Journal Article

Did the structure of trade and foreign debt affect reserve currency composition? Evidence from interwar Japan

Mariko Hatase and Mari Ohnuki

in European Review of Economic History

Volume 13, issue 3, pages 319-347
Published in print December 2009 | ISSN: 1361-4916
Published online December 2009 | e-ISSN: 1474-0044 | DOI: https://dx.doi.org/10.1017/S1361491609990141
Did the structure of trade and foreign debt affect reserve currency composition? Evidence from interwar Japan

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Historical experience is often invoked in the modern debate on competition among reserve currencies, yet little is known about quantitative aspects or institutional features of reserve management. By drawing on newly obtained data on foreign exchange reserves, especially those broken down by currency, this article explores the competition between the British pound sterling and the US dollar for the status of leading reserve currency in Japan during the interwar period. We find that competition between these two currencies remained undecided and that their relative status alternated repeatedly. Historical materials and the results of econometric analysis suggest that the key factors explaining a choice of reserve currencies are trade volumes and the currency denomination of external debt. The latter criteria supported maintaining sterling's status as a reserve currency for the interwar period, reflecting its considerable share in debt service generated through issues that had been launched when London was the sole international market. The stability of potential reserve currencies is shown to be crucial as well. We also find evidence of institutional factors, which include taxation, foreign exchange controls and restrictions on financial activities.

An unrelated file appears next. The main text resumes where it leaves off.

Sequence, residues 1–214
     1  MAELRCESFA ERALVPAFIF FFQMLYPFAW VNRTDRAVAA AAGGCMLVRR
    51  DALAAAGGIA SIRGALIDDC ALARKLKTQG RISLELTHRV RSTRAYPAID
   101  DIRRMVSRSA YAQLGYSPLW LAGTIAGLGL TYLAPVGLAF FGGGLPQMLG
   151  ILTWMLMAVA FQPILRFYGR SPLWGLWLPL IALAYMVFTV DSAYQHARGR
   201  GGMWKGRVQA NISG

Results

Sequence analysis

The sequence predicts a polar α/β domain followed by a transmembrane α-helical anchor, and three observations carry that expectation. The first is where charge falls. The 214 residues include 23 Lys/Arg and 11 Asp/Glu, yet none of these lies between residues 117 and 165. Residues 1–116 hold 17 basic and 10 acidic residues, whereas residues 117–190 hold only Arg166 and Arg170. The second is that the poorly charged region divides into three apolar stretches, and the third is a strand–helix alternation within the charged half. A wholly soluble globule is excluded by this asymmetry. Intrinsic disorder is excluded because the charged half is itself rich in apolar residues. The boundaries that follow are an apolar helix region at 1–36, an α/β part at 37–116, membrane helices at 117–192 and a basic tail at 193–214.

Journal Article.  11330 words.  Illustrated.

Subjects: Industrial History ; Labour History ; Economic History

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